Oman looks to jump start $1.7bn tourism project

New sources of funding to put 'light at the end of the tunnel'

Salam Yiti is to be located fifteen minutes drive south of the Omani capital of Muscat.
Salam Yiti is to be located fifteen minutes drive south of the Omani capital of Muscat.

A stalled project being developed in Muscat by an investment unit of Dubai Holding and the Omani government is to be restarted in the “next few months,” the CEO of the Omani tourist development arm told Arabian Business.

Earlier this month, it was reported that construction on the $1.7bn Salam Yiti project near Muscat had stopped while Sama Dubai - the overseas investment arm of Dubai government-owned Dubai Holding - and the Omani government reviewed the project’s scope and execution.

Wael Al Lawati, CEO of Omran, the Omani Tourism Ministry’s investment arm, told Arabian Business that the project would soon be restarting.

“We are partners there and we are in discussions with our partners in terms of finding other means of pushing the project forward. I see some movement in the next few months in terms of design activities,” he said on Sunday.

“Something is going to be injected into the project. The partners are coming to a slightly different arrangement to make sure there is funding coming into the project,” he added, but did not give any specific details.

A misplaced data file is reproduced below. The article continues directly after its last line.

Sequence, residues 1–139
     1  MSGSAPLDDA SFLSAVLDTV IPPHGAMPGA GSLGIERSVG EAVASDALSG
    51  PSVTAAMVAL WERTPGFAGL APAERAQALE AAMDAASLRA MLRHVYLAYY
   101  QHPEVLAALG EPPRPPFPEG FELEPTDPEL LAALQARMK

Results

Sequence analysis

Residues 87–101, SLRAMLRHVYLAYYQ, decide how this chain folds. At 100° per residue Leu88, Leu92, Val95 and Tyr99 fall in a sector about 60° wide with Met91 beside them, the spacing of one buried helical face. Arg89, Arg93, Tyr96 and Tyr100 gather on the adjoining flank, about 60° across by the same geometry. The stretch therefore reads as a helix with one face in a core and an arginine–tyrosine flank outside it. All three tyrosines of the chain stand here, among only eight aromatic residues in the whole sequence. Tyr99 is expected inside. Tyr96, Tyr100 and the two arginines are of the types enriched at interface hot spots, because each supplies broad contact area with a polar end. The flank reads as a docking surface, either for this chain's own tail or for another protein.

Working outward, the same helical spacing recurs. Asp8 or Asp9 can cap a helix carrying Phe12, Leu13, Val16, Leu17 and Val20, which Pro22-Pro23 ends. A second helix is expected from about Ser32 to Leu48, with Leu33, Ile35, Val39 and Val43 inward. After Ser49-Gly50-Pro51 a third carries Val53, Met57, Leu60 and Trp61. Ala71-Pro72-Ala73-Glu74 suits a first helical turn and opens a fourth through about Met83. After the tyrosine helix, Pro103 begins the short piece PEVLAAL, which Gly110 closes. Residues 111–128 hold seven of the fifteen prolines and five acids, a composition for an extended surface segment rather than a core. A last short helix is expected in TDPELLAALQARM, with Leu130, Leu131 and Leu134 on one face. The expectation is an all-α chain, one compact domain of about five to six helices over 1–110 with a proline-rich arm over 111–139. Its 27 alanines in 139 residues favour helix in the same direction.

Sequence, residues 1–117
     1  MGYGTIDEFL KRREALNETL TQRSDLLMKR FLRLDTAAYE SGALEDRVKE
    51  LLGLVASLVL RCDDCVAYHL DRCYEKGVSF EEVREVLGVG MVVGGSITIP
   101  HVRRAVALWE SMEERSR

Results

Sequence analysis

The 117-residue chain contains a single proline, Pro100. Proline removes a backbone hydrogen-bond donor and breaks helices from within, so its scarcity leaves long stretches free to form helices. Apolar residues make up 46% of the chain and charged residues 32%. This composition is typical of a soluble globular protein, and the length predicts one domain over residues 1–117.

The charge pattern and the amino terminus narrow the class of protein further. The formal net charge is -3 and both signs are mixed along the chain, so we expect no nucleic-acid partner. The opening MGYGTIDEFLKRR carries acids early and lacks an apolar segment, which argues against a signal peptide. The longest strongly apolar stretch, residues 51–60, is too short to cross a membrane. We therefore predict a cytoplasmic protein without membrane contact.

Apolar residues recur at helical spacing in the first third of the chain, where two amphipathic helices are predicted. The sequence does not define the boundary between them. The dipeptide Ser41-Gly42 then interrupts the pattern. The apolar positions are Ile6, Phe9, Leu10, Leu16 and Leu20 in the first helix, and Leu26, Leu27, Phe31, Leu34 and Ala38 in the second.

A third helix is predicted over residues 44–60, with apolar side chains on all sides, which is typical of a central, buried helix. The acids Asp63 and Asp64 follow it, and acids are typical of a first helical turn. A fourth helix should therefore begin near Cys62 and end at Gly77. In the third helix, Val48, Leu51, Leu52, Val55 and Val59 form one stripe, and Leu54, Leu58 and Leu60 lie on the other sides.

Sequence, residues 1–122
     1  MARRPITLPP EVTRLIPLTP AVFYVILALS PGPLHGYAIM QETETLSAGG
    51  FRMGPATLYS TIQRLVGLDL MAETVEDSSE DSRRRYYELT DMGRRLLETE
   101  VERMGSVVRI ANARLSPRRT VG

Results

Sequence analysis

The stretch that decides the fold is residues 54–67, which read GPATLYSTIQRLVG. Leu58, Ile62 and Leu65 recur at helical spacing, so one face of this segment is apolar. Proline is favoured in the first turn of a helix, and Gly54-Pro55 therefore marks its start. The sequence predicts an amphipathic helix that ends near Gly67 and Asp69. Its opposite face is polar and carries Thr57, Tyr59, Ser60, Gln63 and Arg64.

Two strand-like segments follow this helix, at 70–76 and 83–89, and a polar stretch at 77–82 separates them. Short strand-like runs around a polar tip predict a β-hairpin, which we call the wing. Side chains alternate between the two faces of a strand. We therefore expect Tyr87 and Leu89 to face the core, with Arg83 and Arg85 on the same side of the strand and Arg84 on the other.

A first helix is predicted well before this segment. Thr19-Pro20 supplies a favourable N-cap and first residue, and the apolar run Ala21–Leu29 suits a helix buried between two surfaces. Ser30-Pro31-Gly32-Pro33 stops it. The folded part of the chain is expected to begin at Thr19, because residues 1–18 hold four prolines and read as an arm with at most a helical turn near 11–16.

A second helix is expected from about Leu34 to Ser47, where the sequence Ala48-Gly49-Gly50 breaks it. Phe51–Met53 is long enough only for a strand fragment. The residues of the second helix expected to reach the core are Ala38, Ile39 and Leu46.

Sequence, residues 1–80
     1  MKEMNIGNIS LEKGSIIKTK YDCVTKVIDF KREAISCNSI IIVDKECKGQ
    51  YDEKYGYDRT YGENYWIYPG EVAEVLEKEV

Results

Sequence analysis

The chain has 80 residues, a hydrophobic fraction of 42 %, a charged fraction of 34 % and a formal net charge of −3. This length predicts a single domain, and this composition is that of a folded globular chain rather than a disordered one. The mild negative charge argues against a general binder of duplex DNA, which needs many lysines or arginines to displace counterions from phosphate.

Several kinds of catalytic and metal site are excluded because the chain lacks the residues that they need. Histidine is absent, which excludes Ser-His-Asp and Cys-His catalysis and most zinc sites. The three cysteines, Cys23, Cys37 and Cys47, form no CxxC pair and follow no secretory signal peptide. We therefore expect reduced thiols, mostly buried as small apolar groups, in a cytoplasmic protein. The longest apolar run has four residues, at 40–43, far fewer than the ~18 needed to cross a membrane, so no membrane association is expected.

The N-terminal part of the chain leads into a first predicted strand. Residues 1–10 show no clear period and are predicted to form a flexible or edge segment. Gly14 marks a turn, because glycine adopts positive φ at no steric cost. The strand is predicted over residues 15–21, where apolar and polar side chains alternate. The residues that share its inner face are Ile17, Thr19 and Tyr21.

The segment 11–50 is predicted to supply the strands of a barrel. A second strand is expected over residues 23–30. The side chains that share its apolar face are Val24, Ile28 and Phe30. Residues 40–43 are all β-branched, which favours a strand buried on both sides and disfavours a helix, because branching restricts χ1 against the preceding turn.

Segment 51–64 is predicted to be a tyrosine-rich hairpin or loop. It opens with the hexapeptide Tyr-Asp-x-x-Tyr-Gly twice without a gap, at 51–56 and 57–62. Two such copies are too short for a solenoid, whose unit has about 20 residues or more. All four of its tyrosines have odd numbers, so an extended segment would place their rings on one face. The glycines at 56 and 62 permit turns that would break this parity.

Salam Yiti is to be located fifteen minutes drive south of the Omani capital of Muscat and will be spread over a 4.19 square km site on the shores of the Gulf of Oman.

The project was originally expected to include around 400 villas, 720 townhouses, over 1,000 apartments, three five-star hotels, a marina, a Robert Trent Jones II signature golf course and various commercial and retail outlets.

Last year, Sama was merged with fellow Dubai Holding units Dubai Properties Group and Tatweer. The global downturn has seen its international projects being hit with delays and difficulties.

While Morocco’s Tourism Minister Yassir Zenagui claimed earlier this month that Sama had pulled out of a $3bn project in the Moroccan capital of Rabat, a Sama spokesperson told the Bloomberg news agency that it was still committed to its projects in Morocco and Oman.

“That project has some light of the end of that tunnel,” Al Lawati said in relation to prospects for the Salam Yiti development near the Omani capital.

Dubai Holding, which is owned by Dubai ruler Sheikh Mohammed Bin Rashid Al Maktoum, and its units owe banks $12bn and have begun talks to roll over some of the loans, a person with knowledge of the matter told the Bloomberg on May 10.

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